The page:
Juvenile Pugilists by S. C. Clemens
YES, I've had a good many fights in my time,"
said old John Parky, tenderly manipulating
his dismantled nose, "and it's kind of queer, too, for
when I was a boy the old man was always telling me
better. He was a good man and hated fighting.
When I would come home with my nose bleeding or
with my face scratched up, he used to call me out in
the woodshed, and in a sorrowful and discouraged
way say, 'So, Johnny, you've had another fight,
hey? How many times have I got to tell ye how
disgraceful and wicked it is for boys to fight? It was
only yesterday that I talked to you an hour about the
sin of fighting, and here you've been at it again.
Who was it with this time? With Tommy Kelly,
hey? Don't you know any better than to fight a boy
that weighs twenty pounds more than you do, besides
being two years older? Ain't you got a spark of
sense about ye? I can see plainly that you are
determined to break your poor father's heart by your
reckless conduct. What ails your finger? Tommy
bit it? Drat the little fool! Didn't ye know enough
to keep your finger out of his mouth? Was trying
to jerk his cheek off, hey? Won't you never learn to
quit foolin' 'round a boy's mouth with yer fingers?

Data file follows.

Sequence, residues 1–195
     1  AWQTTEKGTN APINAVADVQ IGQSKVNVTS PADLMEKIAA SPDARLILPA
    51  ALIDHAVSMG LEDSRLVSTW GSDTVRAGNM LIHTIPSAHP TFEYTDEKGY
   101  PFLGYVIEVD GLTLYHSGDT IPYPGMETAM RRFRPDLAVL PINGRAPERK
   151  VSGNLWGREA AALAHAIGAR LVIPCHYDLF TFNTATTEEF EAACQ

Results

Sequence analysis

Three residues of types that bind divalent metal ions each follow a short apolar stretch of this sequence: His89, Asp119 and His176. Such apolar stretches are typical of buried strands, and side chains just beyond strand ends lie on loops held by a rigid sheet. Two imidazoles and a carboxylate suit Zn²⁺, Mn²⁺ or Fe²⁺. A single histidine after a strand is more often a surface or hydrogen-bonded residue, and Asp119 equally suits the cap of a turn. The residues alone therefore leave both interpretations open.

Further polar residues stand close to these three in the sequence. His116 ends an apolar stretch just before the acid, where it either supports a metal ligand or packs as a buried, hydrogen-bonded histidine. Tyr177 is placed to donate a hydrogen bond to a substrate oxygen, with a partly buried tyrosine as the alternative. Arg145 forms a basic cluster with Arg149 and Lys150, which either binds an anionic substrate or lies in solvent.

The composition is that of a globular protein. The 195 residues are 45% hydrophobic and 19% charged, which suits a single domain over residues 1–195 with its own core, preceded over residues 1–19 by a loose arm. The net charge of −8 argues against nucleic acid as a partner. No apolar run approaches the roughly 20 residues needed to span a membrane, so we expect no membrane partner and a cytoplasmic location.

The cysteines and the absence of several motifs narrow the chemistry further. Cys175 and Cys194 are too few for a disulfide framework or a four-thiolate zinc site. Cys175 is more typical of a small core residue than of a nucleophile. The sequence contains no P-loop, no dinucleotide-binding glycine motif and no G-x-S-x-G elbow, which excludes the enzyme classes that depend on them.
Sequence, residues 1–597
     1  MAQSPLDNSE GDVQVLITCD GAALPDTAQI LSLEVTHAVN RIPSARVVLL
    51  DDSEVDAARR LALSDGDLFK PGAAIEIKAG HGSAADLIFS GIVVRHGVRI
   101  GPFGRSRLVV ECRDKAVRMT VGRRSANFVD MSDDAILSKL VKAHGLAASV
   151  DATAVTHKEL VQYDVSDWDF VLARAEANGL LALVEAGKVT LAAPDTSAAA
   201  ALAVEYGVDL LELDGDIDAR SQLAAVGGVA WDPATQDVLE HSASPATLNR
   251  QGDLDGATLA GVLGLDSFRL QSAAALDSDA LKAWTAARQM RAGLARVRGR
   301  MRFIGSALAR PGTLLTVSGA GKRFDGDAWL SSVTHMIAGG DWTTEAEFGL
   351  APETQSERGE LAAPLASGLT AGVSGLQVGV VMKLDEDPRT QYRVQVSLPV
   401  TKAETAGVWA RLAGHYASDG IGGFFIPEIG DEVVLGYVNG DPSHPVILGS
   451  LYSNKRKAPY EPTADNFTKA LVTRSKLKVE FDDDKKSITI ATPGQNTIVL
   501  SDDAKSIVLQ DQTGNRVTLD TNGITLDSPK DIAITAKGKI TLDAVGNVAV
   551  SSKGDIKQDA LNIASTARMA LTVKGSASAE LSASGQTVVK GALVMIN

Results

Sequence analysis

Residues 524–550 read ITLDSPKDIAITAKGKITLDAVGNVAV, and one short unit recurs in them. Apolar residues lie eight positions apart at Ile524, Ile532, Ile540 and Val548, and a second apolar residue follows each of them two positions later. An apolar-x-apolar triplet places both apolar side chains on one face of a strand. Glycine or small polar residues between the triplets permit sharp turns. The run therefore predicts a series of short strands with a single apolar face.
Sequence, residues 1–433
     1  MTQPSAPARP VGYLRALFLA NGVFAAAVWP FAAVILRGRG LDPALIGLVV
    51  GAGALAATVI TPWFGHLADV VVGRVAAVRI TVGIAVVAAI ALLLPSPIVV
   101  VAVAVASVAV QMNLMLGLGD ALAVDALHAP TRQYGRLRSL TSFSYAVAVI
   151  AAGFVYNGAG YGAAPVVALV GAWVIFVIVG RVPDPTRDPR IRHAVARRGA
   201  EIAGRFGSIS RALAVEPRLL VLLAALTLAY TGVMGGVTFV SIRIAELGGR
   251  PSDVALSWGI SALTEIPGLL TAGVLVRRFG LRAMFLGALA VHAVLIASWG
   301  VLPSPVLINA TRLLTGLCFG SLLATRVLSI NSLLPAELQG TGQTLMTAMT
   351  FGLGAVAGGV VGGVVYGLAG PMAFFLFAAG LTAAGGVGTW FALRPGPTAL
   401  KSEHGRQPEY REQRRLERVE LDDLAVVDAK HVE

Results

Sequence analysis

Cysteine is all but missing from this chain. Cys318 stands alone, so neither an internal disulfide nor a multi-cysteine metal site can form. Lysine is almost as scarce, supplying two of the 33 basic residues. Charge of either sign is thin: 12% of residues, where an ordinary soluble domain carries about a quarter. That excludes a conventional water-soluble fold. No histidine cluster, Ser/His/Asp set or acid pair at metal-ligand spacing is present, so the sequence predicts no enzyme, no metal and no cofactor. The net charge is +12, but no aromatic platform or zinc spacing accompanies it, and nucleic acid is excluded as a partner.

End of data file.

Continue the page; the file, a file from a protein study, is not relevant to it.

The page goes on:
You're bound to disgrace us all by such wretched
behaviour. You're determined never to be nobody.
Did you ever hear of Isaac Watts—that wrote, "Let
dogs delight to bark and bite"—sticking his fingers
in a boy's mouth to get 'em bit, like a fool? I'm
clean discouraged with ye. Why didn't ye go for his
nose, the way Jonathan Edwards, and George Washington,
and Daniel Webster used to do, when they
was boys? Couldn't 'cause he had ye down? That's
a purty story to tell me. It does beat all that you
can't learn how Socrates and William Penn used to
gouge when they was under, after the hours and
hours I've spent in telling you about those great
men! It seems to me sometimes as if I should have
to give you up in despair. It's an awful trial to me
to have a boy that don't pay any attention to good
example, nor to what I say. What! You pulled
out three or four handfuls of his hair? H'm! Did
he squirm any? Now if you'd a give him one or two
in the eye—but as I've told ye many a time, fighting
is poor business. Won't you—for your father's sake—won't
you promise to try and remember that?
H'm! Johnny, how did it—ahem—which licked?"
"'You licked him? Sho! Really? Well, now,
I hadn't any idea you could lick that Tommy Kelly!
I don't believe John Bunyan, at ten years old, could
have done it. Johnny, my boy, you can't think how
I hate to have you fighting every day or two. I
wouldn't have had him lick you for five, no, not for
ten dollars! Now, sonny, go right in and wash up,
and tell your mother to put a rag on your finger.
And, Johnny, don't let me hear of your fighting
"I never see anybody so down on fighting as the
old man, was, but somehow he never could break me